We’ve seen the dismantling of bustling office perks like free food or laundry services, replaced by a greater focus on health and wellness. Employers are working harder to retain workers, creating comprehensive benefit packages. These will be expected by candidates and will forever change the way employers build their compensation packages.
From the perspective of employers, digital skills are particularly in demand. The combination of changing skills needs and strong demand for candidates has propelled another positive change: companies are paying more attention to skills than to formal education.
- Are there any new trends or themes that you have observed in the last month in particular?
Job opportunities in restaurants were initially reduced by pandemic restrictions, but they are now recovering and companies are struggling to fill these roles. We’ve seen the restaurant industry respond with creative ways to compete for talent, including pay rises, childcare and signing bonuses, mimicking big tech offers – a trend which has since spread to many industries that are struggling to hire.
McDonald’s is the latest major brand to offer a caregiver offer, introducing emergency childcare as a way to entice parents back to work. [According to U.S. Census data,] about 1 in 4 American children, or 22 million, live in single-parent families, meaning that adding care supports has the potential to open up the job market in a major way.
- What can job seekers and employers do to stay ahead of these trends?
Employers who find a way to offer job seekers a chance to upskill and adapt to the future of the job market will stand out from the crowd. Workers are more aware than ever of how quickly the labor market can change and how quickly they may need to adapt. They are looking for employers who can support them in these transitions. Flexibility is also key, allowing workers to balance their careers with other responsibilities.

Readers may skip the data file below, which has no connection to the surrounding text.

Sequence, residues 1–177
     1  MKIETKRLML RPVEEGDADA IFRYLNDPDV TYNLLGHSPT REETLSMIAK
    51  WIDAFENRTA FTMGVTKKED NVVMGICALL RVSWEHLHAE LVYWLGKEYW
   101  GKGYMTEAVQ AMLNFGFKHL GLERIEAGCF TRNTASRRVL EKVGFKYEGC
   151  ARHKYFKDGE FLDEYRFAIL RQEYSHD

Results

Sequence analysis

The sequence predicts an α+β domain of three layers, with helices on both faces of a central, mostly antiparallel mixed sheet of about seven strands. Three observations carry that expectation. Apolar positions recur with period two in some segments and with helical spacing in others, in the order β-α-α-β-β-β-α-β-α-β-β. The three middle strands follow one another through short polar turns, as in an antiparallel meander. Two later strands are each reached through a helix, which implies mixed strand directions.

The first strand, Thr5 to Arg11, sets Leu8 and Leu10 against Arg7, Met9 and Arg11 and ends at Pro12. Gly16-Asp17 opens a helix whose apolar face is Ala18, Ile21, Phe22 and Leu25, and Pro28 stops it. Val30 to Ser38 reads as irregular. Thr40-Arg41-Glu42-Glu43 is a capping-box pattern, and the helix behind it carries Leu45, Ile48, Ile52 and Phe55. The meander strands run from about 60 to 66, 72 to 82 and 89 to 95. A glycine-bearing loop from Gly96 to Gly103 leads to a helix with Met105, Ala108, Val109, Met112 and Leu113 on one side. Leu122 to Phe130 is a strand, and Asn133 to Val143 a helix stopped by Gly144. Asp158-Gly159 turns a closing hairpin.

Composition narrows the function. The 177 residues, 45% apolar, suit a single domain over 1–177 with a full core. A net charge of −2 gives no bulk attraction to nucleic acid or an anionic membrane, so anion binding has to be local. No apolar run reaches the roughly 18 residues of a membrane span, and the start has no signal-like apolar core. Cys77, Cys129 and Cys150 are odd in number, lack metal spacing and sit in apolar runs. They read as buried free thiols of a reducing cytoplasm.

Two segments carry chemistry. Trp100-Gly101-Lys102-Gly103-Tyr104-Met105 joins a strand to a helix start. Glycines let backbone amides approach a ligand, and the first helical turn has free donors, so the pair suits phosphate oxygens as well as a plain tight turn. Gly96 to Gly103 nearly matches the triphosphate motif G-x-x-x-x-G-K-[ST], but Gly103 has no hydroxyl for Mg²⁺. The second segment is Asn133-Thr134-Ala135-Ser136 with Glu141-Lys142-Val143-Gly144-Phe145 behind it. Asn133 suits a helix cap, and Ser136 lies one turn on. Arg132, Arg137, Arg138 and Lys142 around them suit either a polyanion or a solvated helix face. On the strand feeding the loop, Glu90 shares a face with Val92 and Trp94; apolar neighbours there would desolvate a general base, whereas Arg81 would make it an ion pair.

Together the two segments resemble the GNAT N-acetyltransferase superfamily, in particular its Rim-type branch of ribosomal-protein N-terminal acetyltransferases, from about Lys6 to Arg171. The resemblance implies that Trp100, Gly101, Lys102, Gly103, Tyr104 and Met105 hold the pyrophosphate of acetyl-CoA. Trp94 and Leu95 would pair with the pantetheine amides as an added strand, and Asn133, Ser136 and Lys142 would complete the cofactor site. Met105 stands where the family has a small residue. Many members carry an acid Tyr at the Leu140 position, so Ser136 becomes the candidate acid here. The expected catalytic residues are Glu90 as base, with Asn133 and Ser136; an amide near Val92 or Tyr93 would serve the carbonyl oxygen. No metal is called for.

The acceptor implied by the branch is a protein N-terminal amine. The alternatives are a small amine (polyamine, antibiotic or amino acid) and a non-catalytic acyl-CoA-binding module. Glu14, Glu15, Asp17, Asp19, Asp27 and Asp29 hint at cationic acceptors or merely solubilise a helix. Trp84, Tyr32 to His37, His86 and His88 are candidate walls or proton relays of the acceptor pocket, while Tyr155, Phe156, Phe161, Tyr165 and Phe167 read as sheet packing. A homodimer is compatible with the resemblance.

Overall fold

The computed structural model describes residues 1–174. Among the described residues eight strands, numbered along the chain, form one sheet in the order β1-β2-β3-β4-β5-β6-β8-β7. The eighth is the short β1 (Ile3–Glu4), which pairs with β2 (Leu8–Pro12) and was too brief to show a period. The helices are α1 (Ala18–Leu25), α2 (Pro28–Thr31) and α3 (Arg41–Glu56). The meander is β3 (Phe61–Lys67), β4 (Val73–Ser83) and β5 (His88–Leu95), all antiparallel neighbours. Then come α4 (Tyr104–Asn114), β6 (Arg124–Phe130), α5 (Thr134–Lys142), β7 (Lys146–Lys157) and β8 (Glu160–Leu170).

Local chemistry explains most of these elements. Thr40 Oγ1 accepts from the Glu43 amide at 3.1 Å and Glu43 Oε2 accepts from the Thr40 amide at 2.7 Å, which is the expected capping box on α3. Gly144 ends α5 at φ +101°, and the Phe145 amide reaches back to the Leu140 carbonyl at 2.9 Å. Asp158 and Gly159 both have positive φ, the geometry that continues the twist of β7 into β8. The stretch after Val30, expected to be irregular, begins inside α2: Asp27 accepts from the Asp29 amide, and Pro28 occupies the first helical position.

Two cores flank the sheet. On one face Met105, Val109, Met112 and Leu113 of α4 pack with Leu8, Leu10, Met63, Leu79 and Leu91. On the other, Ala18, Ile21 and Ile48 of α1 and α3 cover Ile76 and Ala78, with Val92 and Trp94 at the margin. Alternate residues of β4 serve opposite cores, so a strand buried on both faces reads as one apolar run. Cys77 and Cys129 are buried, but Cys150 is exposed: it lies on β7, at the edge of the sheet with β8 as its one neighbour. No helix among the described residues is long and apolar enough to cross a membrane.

For job seekers, it’s worth looking at in-demand industries as a starting point and seeing if they might fit into broader career ambitions. Roles such as software developers or registered nurses require specific skills and qualifications, but other in-demand roles such as delivery drivers for warehouse workers are more accessible – these could offer good options for flexible work while retraining in other sectors. The general labor shortage also means that now is the time to know your worth and that you need to be sure to negotiate the salary when you start a new job.
Career fairs in the coming weeks will seek to match Triangle workers and businesses